A sudden inflammation or swelling of the appendix is called appendicitis. The appendix is a tube-like structure that branches off where the large intestine (colon) begins. It's pencil-thin and normally about 10 cm (4 inches) long.
For many years, scientists were unsure of the function the appendix had in the body. Now we know it helps make immunoglobulins, substances that are part of the immune system. Immunoglobulins are made in many parts of the body. Thus, removing the appendix does not seem to result in problems with the immune system.
Appendicitis is rarely fatal these days, due to today's use of antibiotics and safe surgery. The condition affects 1 in 15 people and strikes men more than women. It hardly ever affects children under 3 years old. It occurs most commonly in people between 10 and 30 years of age.
Inflammation of the appendix is usually the result of blockage causing an infection. The appendix is open at one end where it connects to the large intestine. Appendicitis may occur when the appendix is blocked by hardened masses of feces or a foreign body in the intestine. This blockage can cause inflammation of the appendix directly and can encourage bacterial infection.
Blockage may also occur if lymph nodes in the appendix swell. Less common causes of blockage are vegetable and fruit seeds, stomach worms, and thickened barium from prior X-rays.
In seniors, appendicitis is occasionally caused by a tumour (cancer) of the colon.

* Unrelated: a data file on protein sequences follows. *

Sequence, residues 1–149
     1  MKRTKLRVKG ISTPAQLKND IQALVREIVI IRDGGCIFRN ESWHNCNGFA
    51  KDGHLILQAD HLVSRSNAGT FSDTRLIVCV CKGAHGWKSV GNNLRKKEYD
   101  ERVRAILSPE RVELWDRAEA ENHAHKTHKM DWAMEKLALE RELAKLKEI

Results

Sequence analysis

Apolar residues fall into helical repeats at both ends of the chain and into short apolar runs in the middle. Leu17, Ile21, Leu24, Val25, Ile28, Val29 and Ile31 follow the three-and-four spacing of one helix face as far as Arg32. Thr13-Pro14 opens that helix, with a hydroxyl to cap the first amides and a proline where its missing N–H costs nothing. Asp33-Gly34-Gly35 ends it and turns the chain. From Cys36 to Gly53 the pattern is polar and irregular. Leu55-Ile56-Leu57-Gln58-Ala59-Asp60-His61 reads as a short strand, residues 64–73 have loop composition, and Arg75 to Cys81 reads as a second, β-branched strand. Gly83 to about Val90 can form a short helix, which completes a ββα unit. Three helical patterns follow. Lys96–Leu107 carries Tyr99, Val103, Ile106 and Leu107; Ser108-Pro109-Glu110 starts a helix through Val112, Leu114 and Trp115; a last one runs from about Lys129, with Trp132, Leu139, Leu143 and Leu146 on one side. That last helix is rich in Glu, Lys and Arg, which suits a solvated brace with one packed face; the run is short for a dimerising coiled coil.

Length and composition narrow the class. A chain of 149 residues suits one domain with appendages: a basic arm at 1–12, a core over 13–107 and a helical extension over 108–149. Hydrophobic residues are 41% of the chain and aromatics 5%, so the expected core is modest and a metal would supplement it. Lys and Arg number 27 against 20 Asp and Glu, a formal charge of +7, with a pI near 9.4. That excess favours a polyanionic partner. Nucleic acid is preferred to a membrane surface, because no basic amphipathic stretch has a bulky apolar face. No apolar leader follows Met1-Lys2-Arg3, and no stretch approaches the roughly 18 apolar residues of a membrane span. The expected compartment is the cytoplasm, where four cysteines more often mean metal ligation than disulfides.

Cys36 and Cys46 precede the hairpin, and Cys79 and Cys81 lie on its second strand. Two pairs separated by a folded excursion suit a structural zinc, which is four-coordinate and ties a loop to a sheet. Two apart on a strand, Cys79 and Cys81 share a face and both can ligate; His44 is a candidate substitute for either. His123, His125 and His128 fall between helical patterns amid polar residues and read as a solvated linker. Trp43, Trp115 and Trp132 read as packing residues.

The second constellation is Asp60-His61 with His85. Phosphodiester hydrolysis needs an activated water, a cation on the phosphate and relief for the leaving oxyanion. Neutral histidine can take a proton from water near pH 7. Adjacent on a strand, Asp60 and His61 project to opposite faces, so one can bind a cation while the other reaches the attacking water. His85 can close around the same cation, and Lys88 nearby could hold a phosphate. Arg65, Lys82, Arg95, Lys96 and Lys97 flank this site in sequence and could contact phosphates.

Early symptoms of acute appendicitis may include:
These are the classic symptoms common in adolescents and young adults. In younger children, pain is less localized and there may be no tender points. In older adults, there is generally less pain.
Symptoms of more advanced appendicitis include:
These are both signs that inflammation has spread to the abdominal cavity or peritoneum. Left untreated, appendicitis will proceed from mild to severe symptoms. When the infection has reached this stage, it's called peritonitis, which is life-threatening, and a doctor should be seen immediately.
The great danger in appendicitis is rupture or perforation of the appendix. All the inflammatory agents and bacteria in the appendix spill out into the abdominal cavity, causing severe peritonitis. Sometimes there's mild peritonitis even before the appendix ruptures.
Occasionally, a mass of scar tissue forms an abscess around the appendix. In some ways, this reduces risk, since it insulates the abdomen from the dangerous pus inside. It tends to complicate surgery, however, often requiring two operations.